If you have an idea on a service or function of your current smartphone that you think should be controlled if your smartphone knew when you were sleeping…please leave a comment.

Power button on side vs. top?

I really do like my Samsung Focus.  In fact, I went to the AT&T store last week to check out the new Samsung Focus S (bigger screen and faster processor), but decided that there was not compelling reason to upgrade.  The Focus S did not “seem” faster, nor did the bigger screen really “do anything for me”.  The one thing I was kind of hoping for, and this may seem trivial, was for a change in the placement of the power button.  I really dislike (thought about using the word “hate”) the placement of the power button on the side.  And not just that, but completely opposite of the volume rocker switch seems particularly short-sited.  Now you may know from reading an earlier post, that I use the volume switch probably more than the “average” person (and I am sure there are some “above average” folks out there too), and I often accidentally hit the power switch when operating to volume controls or even pulling it out of my belt case.  Maybe it is because I a right-handed.  Maybe I am supposed to use 2 hands when operating the volume switch.  Or maybe I am just weird.

My previous phone, the iPhone, had the power button located on the top (top when held in portrait mode – which is how I hold my phone most of the time) of the device.  Although, at the time, I never really thought about them, I think that is the right placement….at least for me.  This has gotten me to really think about going out to AT&T next week and checking out the HTC Titan when it comes it…they put the power button on top.

And it may seem like Nokia is not sure what the right answer is.  The new Lumia 710 has the power button on top, and the Lumia 800 has put it on the side.  But Nokia may be onto something, they did not put the power button across from the volume switches (they realize that people need a spot on the other side of the device to support when pressing buttons), and they have placed the power button below the volume switch.  I may like that answer.  I do now vaguely remember using my left hand to hit the power switch when holding the phone in my right hand because the power switch was not easily reached or used with a single hand.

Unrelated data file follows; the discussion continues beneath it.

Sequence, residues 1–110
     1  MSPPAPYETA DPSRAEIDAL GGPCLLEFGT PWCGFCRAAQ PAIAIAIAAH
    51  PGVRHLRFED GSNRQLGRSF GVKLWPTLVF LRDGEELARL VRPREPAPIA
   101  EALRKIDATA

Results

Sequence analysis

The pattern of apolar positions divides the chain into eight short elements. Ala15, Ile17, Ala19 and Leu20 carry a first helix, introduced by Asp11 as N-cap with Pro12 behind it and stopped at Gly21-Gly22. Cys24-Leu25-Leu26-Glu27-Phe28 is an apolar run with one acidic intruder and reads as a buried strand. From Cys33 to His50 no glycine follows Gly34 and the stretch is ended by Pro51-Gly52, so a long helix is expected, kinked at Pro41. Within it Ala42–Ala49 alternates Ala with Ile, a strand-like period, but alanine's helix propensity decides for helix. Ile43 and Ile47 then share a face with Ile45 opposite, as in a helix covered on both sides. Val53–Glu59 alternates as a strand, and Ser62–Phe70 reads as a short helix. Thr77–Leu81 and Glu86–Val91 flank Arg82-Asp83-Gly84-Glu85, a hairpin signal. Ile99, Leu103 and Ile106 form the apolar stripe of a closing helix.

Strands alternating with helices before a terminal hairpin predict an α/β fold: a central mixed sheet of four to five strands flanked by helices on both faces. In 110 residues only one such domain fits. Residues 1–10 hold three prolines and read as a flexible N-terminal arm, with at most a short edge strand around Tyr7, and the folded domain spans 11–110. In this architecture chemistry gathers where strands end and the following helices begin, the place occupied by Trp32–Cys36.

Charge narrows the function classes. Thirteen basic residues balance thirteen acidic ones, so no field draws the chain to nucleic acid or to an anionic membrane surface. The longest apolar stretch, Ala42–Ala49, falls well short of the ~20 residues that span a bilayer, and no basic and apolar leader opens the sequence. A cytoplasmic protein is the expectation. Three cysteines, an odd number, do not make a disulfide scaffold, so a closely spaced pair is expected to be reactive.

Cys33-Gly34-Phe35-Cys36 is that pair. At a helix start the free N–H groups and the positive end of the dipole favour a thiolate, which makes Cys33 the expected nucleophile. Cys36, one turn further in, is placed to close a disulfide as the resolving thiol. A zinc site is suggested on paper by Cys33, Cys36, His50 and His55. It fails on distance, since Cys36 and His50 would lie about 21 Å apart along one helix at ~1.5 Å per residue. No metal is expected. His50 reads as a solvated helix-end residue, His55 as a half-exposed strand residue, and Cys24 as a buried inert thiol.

Please use the comments to vent or add your 2 cents about power button placement.  What do you like or dislike about your current phone’s power button?

For today’s poll, I am asking where you prefer to have the power button on your smartphone.

iOS 5 on iPad (v1) underperforms

Okay, I just need to vent/rant.  Anyone else with an iPad version 1, that has installed iOS 5 think that these two were not meant for each other?

I am experiencing the following issues with iOS 5 on my iPad v1:

  • Crashes often with 3rd party apps AND build in apps like the Safari browser?  I don’t think I am a heavy iPad user, but experience at least 3 application crashes per day.  A lot of times, it will simply be watching a YouTube video on a Safari page.  The app just closes down.
  • Performance has taken a major hit with the new iOS.  This is especially obvious in the AppStore application where clicking on the search field will often take 3-5 seconds to get the I-beam to appear so I can type.  And yes, I have fully shut down and restarted the iPad…and it is still slow…with no other apps running.  Also, switching between Updates, Categories, etc. is sluggish….and I am WiFi with 30+Mbps connection.
  • The new fancy notification pull-down seems buggy.  At times, some of the items will flash (appear then disappear then appear….).

Anyone else experiencing issues?  Maybe it is just operator error (but I doubt it).

Just a simple rotation lock….

I admit it, I am a little addicted to keeping up to technology, gaming and other news via RSS feeds.  I get hundreds of new “articles” per day I try and keep up on, so I am constantly looking at them when I have even 5 free minutes.  The one place I do reading on a daily basis is in bed, for 5, 10…okay 30 minutes, before I turn off the lights.  I would love to use my Windows Phone 7 to do this…but I constantly reach for the iPad for one reason…and one reason only…the rotation lock.

Yes, I do read while on my back…sometimes, but I also like to turn on my side and continue reading.  I need to keep the screen orientation so that the top stays at the top of the device…because for some reason, reading sideways is not all that enjoyable.  So my feature request for this week is a screen rotation lock option on the Windows Phone 7.  I don’t need a rotation lock switch, although that would be really nice, I just want a way to lock the screen in portrait mode.

Not sure the best way to implement a screen rotation lock is, but just an option in the Settings seems “to far away” from my daily tasks.  Two suggestions would be:

  1. Maybe on the task switcher page.  I hold the Back Button to pull up my running tasks…then press a button on the screen with all the running tasks to lock the screen rotation in the current orientation.
  2. Maybe implement a “hold” option on another button like the back arrow bringing up the Task Switcher.  For example, I hold the “Windows Logo” button for 2 seconds to lock the screen.

Is this something anyone else is looking for…or am I just weird?  (Don’t answer that second part 🙂 )